Google, like most legitimate search engines, is constantly tweaking its ranking algorithms in order to try and provide the most relevant content to its users. Search engine optimization experts are tasked with going beyond relatively simple best practices recommended at the onset of an engagement, in order to keep up with these trends. It may not be rocket science at the onset, but in the long run the most creative SEO teams that can recommend and effect changes to Web sites in the quickest manner will always win out for competitive terms.
One of the founders of WebmasterWorld, known as Tedster (hint his real name starts with a "T"), has revived a month-old thread which dealt with some commonly perceived changes to Google's algorithm in March. The new thread, split off by Tedster from the old, is titled April 2007 Google SERP Changes. Don't think this is just a continuation of the March discussion, however, as Tedster has posed an interesting theory for discussion:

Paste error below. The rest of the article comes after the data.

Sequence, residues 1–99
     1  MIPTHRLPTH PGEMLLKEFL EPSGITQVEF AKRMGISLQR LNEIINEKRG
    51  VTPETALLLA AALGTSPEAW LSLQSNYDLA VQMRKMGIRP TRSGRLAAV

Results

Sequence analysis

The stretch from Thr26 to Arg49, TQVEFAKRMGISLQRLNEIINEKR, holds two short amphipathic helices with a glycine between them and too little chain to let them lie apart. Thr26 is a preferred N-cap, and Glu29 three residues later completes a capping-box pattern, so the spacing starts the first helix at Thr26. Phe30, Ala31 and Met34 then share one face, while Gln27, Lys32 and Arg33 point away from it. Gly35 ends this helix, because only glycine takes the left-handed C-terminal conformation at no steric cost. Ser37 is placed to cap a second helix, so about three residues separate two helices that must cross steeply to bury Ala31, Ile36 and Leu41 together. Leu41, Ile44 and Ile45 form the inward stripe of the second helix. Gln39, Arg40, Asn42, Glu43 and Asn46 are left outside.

In the past, Google seemed to forgive relatively unchanging content for certain types of sites, though certainly not for others. Now I'm thinking the algo has shifted, at least a bit.He believes "freshness" (of content and probably linking) has a lot to do with being able to command the top spots at Google these days, and people seem to agree with him:
My gut feel is that the recognition of "freshness" is playing a greater part in Google's algo, where it can.
To me, in short, I agree that updated content seems to be making a move, even against some the well-entrenched .gov and .edu TLDs. We are seeing some "refreshed" branded sites ranking very quickly for competitive terms.
Lots more great discussion follows at WebmasterWorld. Share your thoughts there and also feel free to comment below.